Out of all the darkly intriguing television narratives defining the collapse of American Empire, FX’s Fargo has emerged as a standout. Set against frozen Midwestern landscapes, every season features a new ensemble cast operating in a Hobbesian underworld rife with murder, crime, and corruption. Beneath friendly veneers and Minnesotan niceties, characters explode with animosity while concocting schemes against one another. At its core, Fargo, whose third season ended yesterday, is a morality play dressed as a cheeky crime drama, a wolf in sheep’s clothing perfectly personified by this season’s showdowns between Ewan McGregor’s Emmit Stussy and ultra-Machiavellian V.M. Varga, played by a chilling David Thewlis.
At the helm of the series is Noah Hawley, who, thanks to his work on Fargo and FX’s dark superhero parable Legion, has quickly risen to be one of the most respected creators in Hollywood. A Sarah Lawrence graduate, Hawley had a scattered early career working as a paralegal while trying to gain traction as a novelist and musician. After cutting his teeth in network television, Hawley was approached by FX to adapt the iconic Coen brothers’ film into a TV series. Though he had reservations, Hawley has since found unparalleled creative freedom as a writer and has drawn heavyweight talent like Billy Bob Thornton, Martin Freeman, Kirsten Dunst, Ted Danson, and Carrie Coon. We called up Hawley to talk about bringing Fargo to life, getting into the mind of a villain, and what he hopes for his legacy.
What did you study as an undergrad at Sarah Lawrence and how did it inform your own writing as a showrunner?
I studied a lot of political science. I did take some philosophy classes. I think the most important thing is that it taught me how to think. It taught me how to ask questions. It was more like graduate school because you only took three classes and then at each class you had to invent your own class. It taught me to ask questions and answer them, which is basically what my identity as a writer is. When there’s something I don’t understand about the world or people, then I think, Alright, well, how am I gonna figure this out? It becomes about researching, and then the act of writing is about trying to recreate the world.
What were some initial challenges you faced when you came on to Fargo?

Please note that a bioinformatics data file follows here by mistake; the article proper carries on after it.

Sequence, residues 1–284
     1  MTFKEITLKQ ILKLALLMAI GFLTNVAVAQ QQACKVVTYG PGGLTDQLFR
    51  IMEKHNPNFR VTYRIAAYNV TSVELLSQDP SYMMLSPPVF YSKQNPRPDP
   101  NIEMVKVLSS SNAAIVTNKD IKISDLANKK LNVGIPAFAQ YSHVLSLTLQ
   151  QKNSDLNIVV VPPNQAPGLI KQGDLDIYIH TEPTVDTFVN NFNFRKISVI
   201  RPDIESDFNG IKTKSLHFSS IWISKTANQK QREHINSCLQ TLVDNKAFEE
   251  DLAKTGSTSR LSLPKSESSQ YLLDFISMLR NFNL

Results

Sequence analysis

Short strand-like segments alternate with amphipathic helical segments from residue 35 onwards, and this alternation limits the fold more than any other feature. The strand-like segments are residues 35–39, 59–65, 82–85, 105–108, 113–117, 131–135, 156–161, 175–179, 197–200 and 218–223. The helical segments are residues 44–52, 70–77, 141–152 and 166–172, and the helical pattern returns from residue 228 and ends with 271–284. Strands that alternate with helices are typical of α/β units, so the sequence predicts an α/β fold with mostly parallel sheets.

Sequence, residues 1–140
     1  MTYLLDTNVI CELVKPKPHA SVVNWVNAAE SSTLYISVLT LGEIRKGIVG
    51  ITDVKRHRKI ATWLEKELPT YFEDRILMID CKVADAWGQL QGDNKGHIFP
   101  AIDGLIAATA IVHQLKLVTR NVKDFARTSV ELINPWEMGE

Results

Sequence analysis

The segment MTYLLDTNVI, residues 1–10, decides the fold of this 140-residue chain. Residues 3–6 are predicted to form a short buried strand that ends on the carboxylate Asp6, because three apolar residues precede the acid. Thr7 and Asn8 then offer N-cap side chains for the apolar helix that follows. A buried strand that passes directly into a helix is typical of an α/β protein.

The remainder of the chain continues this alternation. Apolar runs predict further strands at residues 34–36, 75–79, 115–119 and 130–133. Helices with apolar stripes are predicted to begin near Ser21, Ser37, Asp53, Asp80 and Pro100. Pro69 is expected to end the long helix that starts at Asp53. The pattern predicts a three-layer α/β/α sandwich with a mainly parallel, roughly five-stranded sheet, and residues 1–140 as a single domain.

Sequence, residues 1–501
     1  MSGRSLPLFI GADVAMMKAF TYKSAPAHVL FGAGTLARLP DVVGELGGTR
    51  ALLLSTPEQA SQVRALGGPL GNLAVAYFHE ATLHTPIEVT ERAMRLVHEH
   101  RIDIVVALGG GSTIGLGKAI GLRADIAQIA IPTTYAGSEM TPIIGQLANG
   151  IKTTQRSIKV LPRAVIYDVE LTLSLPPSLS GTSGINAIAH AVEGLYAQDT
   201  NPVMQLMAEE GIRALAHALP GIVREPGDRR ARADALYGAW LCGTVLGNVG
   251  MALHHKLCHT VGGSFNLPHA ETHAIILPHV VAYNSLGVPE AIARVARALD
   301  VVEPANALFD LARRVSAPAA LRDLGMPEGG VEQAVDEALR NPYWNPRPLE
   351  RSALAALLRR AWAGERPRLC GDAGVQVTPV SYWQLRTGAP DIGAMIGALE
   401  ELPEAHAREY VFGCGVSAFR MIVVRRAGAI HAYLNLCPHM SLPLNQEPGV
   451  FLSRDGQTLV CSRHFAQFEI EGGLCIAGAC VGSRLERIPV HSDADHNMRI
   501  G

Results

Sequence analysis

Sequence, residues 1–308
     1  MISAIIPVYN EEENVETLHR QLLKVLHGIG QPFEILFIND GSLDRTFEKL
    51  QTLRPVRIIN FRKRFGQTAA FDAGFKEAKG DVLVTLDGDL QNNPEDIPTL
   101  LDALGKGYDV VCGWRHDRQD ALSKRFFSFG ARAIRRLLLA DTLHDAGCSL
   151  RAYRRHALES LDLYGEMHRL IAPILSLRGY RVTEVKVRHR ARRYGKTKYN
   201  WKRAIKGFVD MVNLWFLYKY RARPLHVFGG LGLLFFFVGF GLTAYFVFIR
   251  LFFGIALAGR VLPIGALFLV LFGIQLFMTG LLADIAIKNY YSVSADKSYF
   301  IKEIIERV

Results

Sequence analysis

The first conversation with FX was, “We’re thinking of making a TV show based on the movie Fargo, but we’re wondering, can you do it without Marge?” By which they meant any of the characters from the movie. But if you’re not adapting a movie by adapting a movie, what are you doing? It becomes this process of interpretation to say, “Can you tell me a story that makes me feel the same things that I feel when I’m watching Fargo?” And that was a really fascinating challenge to have to think about, what makes that movie that movie, and the fact that it’s not a whodunit in that you meet the criminals before the crime is committed, that you only meet law enforcement once the crime is committed—then it’s a morality play.
You explore a lot of really dark facets of human nature through Fargo’s villains. What is some of the philosophy that goes into them?
They’re all very different. I think Billy Bob Thornton represented this idea of what happens when the civilized man goes out into the wilderness and meets a very uncivilized man. Billy had this philosophy, we used to be gorillas, and this idea that there are no rules, that human society is based on this assumption that we have to act a certain way when we don’t actually have to do that. And then in the second year, I would say we sort of spread the villainy around. Mike Milligan definitely had a point of view, but so did Jeffrey Donovan’s character. This season, V. M. Varga is a sort of closer look at that idea that Marge has at the end of the movie. Here you are [ruining] this beautiful day, and for what? A little bit of money. This idea of what people do for money. People say the word billionaire, which seems a lot more contemporary and of the moment, but he’s this person who believes that human beings have no intrinsic value other than the money that they make. On some level, there is something elemental about these characters, like Anton Chigurh from No Country for Old Men or Peter Stormare’s character in the movie, something where you get to a version of this character that’s always been blowing through the American landscape.